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Birdman (1999): I Wanna Take It As Far As We Can Get

Mo Hayder, Birdman (Dell, 1999)

[originally posted 22Nov2002]

A bird, with a shadowy figure lurking, decorates the book cover.

Alcatraz this ain’t.
photo credit: Goodreads

Another of the sheaf of new British mystery novelists who’ve been getting picked up by American presses recently, Mo Hayder offers up her debut novel, Birdman. And what a debut.

Birdman gives us a serial killer with a pathology unlike any other I’ve ever encountered, and it’s actually somewhat distressing that someone managed to come up with it in the first place. To then backtrack through the lives of the characters and make the pathology plausible hints at a deeply unstable mind. Would that we had more of them behind the world’s typewriters and word processors.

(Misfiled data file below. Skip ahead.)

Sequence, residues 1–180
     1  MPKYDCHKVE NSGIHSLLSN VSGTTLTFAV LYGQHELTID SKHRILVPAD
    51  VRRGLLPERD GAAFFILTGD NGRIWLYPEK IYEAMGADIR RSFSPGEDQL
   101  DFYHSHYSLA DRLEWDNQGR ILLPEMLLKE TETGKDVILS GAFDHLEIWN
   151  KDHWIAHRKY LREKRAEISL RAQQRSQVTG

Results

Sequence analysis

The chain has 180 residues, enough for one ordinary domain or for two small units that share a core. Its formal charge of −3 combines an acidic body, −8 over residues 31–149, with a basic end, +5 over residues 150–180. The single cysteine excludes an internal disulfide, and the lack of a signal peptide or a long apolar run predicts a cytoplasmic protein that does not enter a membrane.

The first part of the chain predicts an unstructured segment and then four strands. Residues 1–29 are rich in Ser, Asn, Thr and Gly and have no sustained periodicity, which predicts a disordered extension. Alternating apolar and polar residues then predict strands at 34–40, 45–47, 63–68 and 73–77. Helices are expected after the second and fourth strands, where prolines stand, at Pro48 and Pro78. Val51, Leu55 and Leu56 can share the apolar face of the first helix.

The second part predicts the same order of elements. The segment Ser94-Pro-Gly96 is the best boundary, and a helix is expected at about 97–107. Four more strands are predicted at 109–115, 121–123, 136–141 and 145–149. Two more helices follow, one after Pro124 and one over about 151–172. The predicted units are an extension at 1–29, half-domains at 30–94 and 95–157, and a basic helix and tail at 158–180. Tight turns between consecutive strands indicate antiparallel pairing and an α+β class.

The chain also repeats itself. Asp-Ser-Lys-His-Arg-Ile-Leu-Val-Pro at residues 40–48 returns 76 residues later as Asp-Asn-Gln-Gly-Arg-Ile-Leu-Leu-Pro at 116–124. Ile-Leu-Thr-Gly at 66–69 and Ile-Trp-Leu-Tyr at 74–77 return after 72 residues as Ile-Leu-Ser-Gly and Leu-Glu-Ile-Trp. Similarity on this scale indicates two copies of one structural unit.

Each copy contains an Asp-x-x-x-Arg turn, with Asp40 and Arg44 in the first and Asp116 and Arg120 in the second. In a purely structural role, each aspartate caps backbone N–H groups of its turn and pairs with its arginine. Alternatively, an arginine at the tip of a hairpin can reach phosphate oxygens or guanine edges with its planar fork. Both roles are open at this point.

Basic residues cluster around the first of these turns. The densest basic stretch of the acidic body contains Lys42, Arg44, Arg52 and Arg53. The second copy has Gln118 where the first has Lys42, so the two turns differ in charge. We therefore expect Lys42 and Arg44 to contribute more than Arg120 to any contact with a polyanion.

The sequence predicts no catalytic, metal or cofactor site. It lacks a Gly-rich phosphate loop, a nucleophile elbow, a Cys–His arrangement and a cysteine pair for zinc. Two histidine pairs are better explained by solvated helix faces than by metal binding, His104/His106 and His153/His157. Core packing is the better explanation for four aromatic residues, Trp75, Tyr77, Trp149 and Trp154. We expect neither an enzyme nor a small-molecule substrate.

There is no way to give even the merest synopsis of more than the first five to ten pages of this novel without getting into spoiler territory, so I’m not going to try. Fans of the serial killer mystery as offered up by writers like P. D. James (there was more than once I was put in mind of Devices and Desires while reading this) are more than likely going to adore this book. It is, however, not for the weak of stomach. My advice to those who have a bad reaction to gore? Take a few Dramamine and pick this up anyway. ****

About Robert "Goat" Beveridge

Media critic (amateur, semi-pro, and for one brief shining moment in 2000 pro) since 1986. Guy behind noise/powerelectronics band XTerminal (after many small stints in jazz, rock, and metal bands). Known for being tactless but honest.

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